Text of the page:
One of the cardinal principles in sales is to create a sales bible. Ensure that every person talks and positions the product the same way and you follow a well thought out strategy in terms of furthering the customer decision making process to your advantage. In the growth phase if this is not done, you end up having inconsistencies in your sales process which significantly reduces the chances of successful acquisition. Some high level aspects of creating your sales bible:

  • Identify what kind of collateral you need
  • Qualifying the customer
  • Sharing price at the right stage
  • Determining timeline and budget
  • Figure out whether they are buying based on need or want
  • Identify early on whether they are long tail prospects and how much human touch should be built into your sales cycle. Spend your time on long tail vs short tail judiciously based on the ticket size.
  • Have aggressive goals and set weekly sales targets for your team
  • Adhere to your sales bible and redraft it from time to time based on learnings so your process becomes better over time.

Ticket Size

Ticket size is extremely important part of customer acquisition. Your product may sell well to a Fortune 1000 company and you may make 1 sale a year. You can also position the same “product” but in a new avatar for a smaller ticket size and sell 100s every year. So traction in customer acquisition can have a major boost or roadblock depending upon how you decide your ideal target customer profile. One such customer decided to keep their ticket price to US$ 3k so as to avoid getting into budgetary approvals by the buyer organisation and got significant traction in spontaneous purchase decisions. Another participant had the reverse problem as they sell analytics tools and did not want to target SMEs who have relatively smaller spends on social media.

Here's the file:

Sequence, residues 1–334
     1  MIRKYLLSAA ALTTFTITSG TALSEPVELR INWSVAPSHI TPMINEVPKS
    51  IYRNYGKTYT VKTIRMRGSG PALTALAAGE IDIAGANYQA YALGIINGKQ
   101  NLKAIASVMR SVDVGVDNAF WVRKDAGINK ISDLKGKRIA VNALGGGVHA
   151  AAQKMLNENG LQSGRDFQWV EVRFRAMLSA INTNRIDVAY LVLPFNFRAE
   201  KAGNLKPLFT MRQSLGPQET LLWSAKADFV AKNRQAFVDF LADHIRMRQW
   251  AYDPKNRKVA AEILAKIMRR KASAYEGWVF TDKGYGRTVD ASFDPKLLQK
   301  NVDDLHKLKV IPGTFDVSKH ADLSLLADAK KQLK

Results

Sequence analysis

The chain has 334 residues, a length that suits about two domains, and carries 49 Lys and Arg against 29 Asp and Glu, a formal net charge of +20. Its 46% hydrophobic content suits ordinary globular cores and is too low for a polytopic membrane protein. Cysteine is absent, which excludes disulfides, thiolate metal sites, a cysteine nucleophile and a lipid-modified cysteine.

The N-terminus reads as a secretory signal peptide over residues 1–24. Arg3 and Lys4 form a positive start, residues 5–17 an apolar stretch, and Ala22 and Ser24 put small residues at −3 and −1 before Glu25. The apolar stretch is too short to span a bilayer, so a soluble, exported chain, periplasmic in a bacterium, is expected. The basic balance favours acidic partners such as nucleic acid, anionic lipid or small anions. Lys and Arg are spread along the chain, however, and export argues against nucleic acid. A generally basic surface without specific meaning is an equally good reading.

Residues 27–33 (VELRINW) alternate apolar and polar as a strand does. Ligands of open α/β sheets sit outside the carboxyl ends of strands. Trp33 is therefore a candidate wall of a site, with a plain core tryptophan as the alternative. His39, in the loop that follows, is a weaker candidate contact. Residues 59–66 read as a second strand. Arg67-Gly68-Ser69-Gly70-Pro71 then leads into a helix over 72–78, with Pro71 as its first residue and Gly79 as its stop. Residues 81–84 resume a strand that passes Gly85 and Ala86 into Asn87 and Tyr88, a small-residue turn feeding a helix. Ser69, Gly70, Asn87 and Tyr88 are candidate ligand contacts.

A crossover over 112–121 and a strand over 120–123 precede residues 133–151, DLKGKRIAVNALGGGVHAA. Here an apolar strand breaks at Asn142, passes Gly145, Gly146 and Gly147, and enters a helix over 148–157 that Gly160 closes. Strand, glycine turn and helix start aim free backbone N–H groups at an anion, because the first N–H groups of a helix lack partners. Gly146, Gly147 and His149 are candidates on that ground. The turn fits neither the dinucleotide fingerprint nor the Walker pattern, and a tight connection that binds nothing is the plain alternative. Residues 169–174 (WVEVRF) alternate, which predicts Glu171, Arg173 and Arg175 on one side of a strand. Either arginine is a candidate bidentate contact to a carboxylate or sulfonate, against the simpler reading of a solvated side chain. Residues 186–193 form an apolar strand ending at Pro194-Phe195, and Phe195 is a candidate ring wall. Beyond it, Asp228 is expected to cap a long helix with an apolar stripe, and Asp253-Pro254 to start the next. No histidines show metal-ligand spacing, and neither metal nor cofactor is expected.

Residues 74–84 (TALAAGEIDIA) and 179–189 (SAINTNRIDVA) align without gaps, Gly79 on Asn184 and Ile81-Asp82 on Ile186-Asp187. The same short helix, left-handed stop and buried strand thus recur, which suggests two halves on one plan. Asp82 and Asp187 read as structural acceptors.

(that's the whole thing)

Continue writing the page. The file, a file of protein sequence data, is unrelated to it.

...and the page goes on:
Other ideas

It is important to try different marketing ideas as it is difficult to judge what will click. One excellent example of an out of the box idea for brand awareness was www.chotuchaiwala.com. The company behind this saw great results from the campaign.

One of the most important lessons early on is identifying the right customer. In case of one company they started selling to graphic designers but after finding that they were not tech savvy, they shifted focus to ad agencies and found their product market fit. It also makes sense to piggy back on sales channels which are selling a complimentary product and who may be able to sell your product easily to the same target group.

Using APIs to extend your ecosystem is another effective strategy. Done well, you can then latch on to the traction in other products that you can integrate with, and therefore expand your leads inorganically.

10486350_10153099108485639_2090687747_nFree vs Paid